This is not about him avoiding Ticketmaster. If you want to discuss ticketing fees, let's just say that Louis CK is willing to leave money on the table, and musical artists are not. It's just that simple. Louis CK is willing to put in more effort and make less. Crybaby musicians won't do that. Not anybody with a fan base (don't email me and tell me you'll do it, nobody wants to see you!)
This is about radio.
But it's about more than that. It's about challenging the system.
Everybody thinks there are rules. But really, there are very few. You can choose to do it the man's way, but oftentimes you emerge further ahead in the game if you do it your own.
Read all of this, from an Louis CK interview in the A.V. Club:
"LCK: Yeah, well, I like to try stuff. I like to try to see if something can work. It's really satisfying to figure out, 'What if we try it this way? What if we made it way more pleasurable and cheaper to come see me? Or to watch my show online? And if we do this right, how much benefit were we getting from the giant companies?' The first time I ever toured in theaters – the first time I toured, really. You do comedy clubs, it's just working clubs, but the first time I went on a tour in theaters – they were like 500-to-700-seat theaters, my agent asked me some blanket questions, like, 'Here's what's going to come up,' and he said, 'What is your radio tolerance?' That's what he asked me. He said, 'What presence are you willing to let radio people have at your shows?' and I said, 'Give me an example.' And he goes, 'Well, here's all the things they will ask for in every city: Thing one is that the radio personality gets to come onstage and introduce the show. And the second thing they're going to want is a van outside, broadcasting from the show. Then they're going to want a banner onstage, with the name of the radio on it. Then they're going to want a table out in the lobby with bumper stickers.'
He just made a list of, 'Here's the things that they will want.' Another one was meet-and-greets. They get to give away tickets, and the DJ introduces you to the contest winners who won the meet-and-greets. Ten minutes with you alone in a room where you take pictures and stuff. So they said, 'What of these things are you willing to do?' And I said, 'Let's say no to all of this.' (Laughs.) One hundred percent of it. As a professional courtesy, if a radio DJ wants free tickets, he can come to the show. He can't come backstage. He certainly can't come onstage. They may not have their logo on any of the shit on the stage, anywhere near it. I want people to come to the theater and feel like they're just coming to see this; they're not being promoted to. I don't think there's anything more obnoxious than when someone has paid to be somewhere, to be promoting to them. That they're paying to be advertised to is really annoying to me.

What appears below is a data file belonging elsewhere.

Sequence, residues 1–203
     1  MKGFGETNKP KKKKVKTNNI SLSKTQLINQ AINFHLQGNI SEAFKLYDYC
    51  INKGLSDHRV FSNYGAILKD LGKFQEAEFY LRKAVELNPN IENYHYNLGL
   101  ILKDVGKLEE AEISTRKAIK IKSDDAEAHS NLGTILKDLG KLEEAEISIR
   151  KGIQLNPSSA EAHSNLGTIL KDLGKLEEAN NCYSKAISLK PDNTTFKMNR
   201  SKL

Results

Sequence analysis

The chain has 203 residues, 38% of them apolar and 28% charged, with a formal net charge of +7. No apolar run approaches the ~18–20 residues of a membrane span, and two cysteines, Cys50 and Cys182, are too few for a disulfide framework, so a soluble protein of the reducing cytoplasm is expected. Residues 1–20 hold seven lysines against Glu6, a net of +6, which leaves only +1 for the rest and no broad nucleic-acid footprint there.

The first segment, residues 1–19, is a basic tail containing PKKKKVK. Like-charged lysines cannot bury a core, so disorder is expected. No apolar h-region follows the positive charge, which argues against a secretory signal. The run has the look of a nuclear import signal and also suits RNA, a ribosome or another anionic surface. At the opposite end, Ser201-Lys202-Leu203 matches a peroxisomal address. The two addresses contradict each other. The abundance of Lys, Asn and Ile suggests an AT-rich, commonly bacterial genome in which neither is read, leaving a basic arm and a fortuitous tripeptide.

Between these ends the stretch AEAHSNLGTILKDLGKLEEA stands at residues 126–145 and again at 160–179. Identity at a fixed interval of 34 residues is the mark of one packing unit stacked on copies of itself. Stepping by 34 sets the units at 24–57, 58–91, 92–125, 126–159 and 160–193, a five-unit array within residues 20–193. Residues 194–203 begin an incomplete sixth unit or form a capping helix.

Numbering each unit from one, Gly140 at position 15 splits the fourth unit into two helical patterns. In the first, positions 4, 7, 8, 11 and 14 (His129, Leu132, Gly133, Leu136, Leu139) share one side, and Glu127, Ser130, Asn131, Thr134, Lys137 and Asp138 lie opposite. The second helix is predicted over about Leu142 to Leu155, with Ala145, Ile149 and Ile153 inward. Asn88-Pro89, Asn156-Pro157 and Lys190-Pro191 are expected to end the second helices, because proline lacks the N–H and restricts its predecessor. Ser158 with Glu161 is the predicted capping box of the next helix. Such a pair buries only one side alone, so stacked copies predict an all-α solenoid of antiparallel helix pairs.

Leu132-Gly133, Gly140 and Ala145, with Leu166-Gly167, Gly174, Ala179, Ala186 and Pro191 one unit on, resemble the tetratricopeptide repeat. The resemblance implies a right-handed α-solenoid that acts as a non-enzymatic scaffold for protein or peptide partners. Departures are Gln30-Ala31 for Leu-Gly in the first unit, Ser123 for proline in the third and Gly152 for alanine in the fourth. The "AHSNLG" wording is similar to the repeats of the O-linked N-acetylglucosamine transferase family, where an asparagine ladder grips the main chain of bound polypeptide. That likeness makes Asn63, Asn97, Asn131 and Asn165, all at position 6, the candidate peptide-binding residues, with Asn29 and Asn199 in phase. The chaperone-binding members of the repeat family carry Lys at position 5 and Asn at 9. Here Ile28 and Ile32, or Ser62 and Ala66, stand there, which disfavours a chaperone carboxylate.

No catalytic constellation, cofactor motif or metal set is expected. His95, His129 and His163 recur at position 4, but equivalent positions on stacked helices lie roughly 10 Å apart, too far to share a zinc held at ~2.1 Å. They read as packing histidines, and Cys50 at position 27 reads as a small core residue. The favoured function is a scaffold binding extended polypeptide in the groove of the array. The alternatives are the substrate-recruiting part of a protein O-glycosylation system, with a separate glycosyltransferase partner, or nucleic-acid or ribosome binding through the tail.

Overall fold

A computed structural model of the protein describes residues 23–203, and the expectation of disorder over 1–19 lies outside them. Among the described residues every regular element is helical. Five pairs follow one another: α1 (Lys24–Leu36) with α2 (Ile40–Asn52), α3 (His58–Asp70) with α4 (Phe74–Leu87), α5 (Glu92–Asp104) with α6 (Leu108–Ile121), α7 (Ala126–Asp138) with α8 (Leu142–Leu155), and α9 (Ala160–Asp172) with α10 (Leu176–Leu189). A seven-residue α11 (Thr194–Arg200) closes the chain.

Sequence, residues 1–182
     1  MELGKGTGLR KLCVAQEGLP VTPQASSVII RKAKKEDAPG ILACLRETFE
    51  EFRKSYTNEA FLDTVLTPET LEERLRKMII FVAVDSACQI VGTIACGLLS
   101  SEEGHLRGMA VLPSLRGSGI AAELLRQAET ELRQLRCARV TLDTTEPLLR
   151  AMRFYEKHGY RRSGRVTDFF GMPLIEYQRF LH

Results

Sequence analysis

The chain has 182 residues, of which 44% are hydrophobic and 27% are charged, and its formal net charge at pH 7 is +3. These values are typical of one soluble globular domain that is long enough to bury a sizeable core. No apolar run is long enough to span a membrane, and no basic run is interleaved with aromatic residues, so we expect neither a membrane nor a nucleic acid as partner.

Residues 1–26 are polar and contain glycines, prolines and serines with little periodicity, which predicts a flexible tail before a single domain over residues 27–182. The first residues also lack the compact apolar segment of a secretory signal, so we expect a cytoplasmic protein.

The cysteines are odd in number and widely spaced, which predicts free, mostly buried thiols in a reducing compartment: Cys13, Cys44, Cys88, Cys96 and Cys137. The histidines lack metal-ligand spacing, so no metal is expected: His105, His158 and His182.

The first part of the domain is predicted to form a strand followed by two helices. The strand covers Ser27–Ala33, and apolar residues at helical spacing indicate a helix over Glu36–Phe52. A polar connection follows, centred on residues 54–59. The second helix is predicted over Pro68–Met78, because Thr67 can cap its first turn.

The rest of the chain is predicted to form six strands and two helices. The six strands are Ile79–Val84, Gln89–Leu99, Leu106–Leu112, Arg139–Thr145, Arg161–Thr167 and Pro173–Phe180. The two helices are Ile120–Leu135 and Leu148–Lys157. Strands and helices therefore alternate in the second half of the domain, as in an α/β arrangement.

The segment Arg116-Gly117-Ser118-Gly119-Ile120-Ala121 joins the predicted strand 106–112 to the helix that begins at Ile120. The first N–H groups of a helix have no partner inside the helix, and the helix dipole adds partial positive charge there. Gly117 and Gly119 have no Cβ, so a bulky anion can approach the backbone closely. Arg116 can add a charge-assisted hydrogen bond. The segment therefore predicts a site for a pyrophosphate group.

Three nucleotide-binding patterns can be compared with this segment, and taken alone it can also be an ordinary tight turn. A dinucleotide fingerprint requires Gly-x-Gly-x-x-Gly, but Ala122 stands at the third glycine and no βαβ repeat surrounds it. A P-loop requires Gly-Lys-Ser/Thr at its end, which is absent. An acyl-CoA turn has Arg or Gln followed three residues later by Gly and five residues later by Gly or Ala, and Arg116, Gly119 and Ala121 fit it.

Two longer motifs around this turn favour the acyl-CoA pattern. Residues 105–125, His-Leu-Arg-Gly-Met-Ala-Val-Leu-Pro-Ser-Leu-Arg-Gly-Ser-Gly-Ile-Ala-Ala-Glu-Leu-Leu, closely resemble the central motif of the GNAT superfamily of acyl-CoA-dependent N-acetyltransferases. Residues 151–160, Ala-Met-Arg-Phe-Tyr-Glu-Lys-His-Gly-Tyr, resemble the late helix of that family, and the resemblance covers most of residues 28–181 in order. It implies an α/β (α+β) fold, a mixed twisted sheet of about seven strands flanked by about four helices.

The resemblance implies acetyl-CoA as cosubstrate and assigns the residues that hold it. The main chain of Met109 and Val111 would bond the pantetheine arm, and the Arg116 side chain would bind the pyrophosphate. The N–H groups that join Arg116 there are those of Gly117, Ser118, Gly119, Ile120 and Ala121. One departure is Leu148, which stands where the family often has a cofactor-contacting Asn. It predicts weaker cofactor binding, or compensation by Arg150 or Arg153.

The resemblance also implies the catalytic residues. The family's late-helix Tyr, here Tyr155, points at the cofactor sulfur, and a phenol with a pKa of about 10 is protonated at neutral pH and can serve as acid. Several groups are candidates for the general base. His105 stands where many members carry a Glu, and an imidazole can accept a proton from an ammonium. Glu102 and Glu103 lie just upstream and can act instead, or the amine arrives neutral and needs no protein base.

I said to him, 'Let's do none of it.' And he said, 'Well, here's the thing: If you let them do these things, then they talk about your show all the time. They talk about your show on the air, and you get more free promotion from radio stations. If they get to say, "I'm going to be there'" they'll get more into it.' And I said, 'Well, first of all, I don't want people at my shows that are there to see the DJ. I just don't want them to come.' And I said to my agent, 'Let's find out if this is a huge mistake. Let's find out. I'm willing to sacrifice my first theater tour and have the places empty and identify that it's because I wouldn't let the radio people participate. But we also might find out that it didn't make a difference and that I never have to do it.' (Laughs.) Because you can't roll that shit back once you've started.
Anyway, the obvious story is that it didn't make a fucking difference. It didn't matter."
The little things count. There's a price to whoring yourself out to not only radio, but Fortune 500 corporations. You take the short term money in lieu of the long. Then again, your handlers only care about the short term dough…
Hell, ask Lucian Grainge if he'd have bought EMI if it were his dough. The deal doesn't look good on paper. But it's the company's money, so who gives a shit.
Do you give a shit? About your art, your career, your fans?
Then learn how to say no.
No one's said no in the music business for a very long time. Unless it's some faux artistic decision, insisting on something that doesn't even matter.
It's about time people started saying no again.
You don't need the Fisker. You don't need the private jet. You're just keeping up with the Joneses.
It's a privilege to play music for a living. Even more, it's a privilege to have an audience. Respect that.